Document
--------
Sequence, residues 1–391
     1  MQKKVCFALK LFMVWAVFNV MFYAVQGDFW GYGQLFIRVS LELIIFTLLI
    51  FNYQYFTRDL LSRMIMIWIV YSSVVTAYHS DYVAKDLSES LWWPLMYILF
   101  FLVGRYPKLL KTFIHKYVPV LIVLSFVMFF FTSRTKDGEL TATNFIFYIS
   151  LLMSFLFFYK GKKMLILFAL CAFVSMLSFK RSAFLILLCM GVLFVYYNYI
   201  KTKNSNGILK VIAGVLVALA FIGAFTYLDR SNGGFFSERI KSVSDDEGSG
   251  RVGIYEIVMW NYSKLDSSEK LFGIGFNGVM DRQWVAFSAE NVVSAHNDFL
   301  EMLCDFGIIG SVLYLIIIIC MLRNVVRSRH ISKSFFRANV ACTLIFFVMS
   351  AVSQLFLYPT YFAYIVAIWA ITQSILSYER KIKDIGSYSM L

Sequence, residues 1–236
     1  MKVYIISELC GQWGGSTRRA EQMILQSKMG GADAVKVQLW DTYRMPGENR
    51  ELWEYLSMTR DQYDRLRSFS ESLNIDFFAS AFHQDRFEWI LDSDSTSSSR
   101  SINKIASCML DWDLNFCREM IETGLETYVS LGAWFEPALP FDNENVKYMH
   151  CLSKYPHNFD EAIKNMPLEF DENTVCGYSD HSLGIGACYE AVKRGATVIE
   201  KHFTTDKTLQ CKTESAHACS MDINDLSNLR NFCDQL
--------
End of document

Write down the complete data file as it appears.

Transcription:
Sequence, residues 1–391
     1  MQKKVCFALK LFMVWAVFNV MFYAVQGDFW GYGQLFIRVS LELIIFTLLI
    51  FNYQYFTRDL LSRMIMIWIV YSSVVTAYHS DYVAKDLSES LWWPLMYILF
   101  FLVGRYPKLL KTFIHKYVPV LIVLSFVMFF FTSRTKDGEL TATNFIFYIS
   151  LLMSFLFFYK GKKMLILFAL CAFVSMLSFK RSAFLILLCM GVLFVYYNYI
   201  KTKNSNGILK VIAGVLVALA FIGAFTYLDR SNGGFFSERI KSVSDDEGSG
   251  RVGIYEIVMW NYSKLDSSEK LFGIGFNGVM DRQWVAFSAE NVVSAHNDFL
   301  EMLCDFGIIG SVLYLIIIIC MLRNVVRSRH ISKSFFRANV ACTLIFFVMS
   351  AVSQLFLYPT YFAYIVAIWA ITQSILSYER KIKDIGSYSM L

Sequence, residues 1–236
     1  MKVYIISELC GQWGGSTRRA EQMILQSKMG GADAVKVQLW DTYRMPGENR
    51  ELWEYLSMTR DQYDRLRSFS ESLNIDFFAS AFHQDRFEWI LDSDSTSSSR
   101  SINKIASCML DWDLNFCREM IETGLETYVS LGAWFEPALP FDNENVKYMH
   151  CLSKYPHNFD EAIKNMPLEF DENTVCGYSD HSLGIGACYE AVKRGATVIE
   201  KHFTTDKTLQ CKTESAHACS MDINDLSNLR NFCDQL